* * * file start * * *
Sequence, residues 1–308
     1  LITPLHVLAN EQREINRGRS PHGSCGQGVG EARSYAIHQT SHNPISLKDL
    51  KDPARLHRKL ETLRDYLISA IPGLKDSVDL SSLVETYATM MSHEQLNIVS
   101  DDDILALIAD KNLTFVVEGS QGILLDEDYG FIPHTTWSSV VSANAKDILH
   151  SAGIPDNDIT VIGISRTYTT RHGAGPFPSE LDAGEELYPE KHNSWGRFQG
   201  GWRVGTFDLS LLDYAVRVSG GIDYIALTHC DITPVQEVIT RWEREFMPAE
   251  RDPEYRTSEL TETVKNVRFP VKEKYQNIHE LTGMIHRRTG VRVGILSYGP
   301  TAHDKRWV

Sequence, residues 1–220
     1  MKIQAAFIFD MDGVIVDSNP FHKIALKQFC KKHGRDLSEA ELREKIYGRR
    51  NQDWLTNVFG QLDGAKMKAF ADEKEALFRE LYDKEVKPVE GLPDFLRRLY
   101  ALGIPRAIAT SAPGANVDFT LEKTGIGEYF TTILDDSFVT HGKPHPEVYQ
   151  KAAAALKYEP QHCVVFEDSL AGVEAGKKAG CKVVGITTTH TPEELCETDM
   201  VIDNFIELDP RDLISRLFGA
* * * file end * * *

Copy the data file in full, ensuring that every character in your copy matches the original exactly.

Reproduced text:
Sequence, residues 1–308
     1  LITPLHVLAN EQREINRGRS PHGSCGQGVG EARSYAIHQT SHNPISLKDL
    51  KDPARLHRKL ETLRDYLISA IPGLKDSVDL SSLVETYATM MSHEQLNIVS
   101  DDDILALIAD KNLTFVVEGS QGILLDEDYG FIPHTTWSSV VSANAKDILH
   151  SAGIPDNDIT VIGISRTYTT RHGAGPFPSE LDAGEELYPE KHNSWGRFQG
   201  GWRVGTFDLS LLDYAVRVSG GIDYIALTHC DITPVQEVIT RWEREFMPAE
   251  RDPEYRTSEL TETVKNVRFP VKEKYQNIHE LTGMIHRRTG VRVGILSYGP
   301  TAHDKRWV

Sequence, residues 1–220
     1  MKIQAAFIFD MDGVIVDSNP FHKIALKQFC KKHGRDLSEA ELREKIYGRR
    51  NQDWLTNVFG QLDGAKMKAF ADEKEALFRE LYDKEVKPVE GLPDFLRRLY
   101  ALGIPRAIAT SAPGANVDFT LEKTGIGEYF TTILDDSFVT HGKPHPEVYQ
   151  KAAAALKYEP QHCVVFEDSL AGVEAGKKAG CKVVGITTTH TPEELCETDM
   201  VIDNFIELDP RDLISRLFGA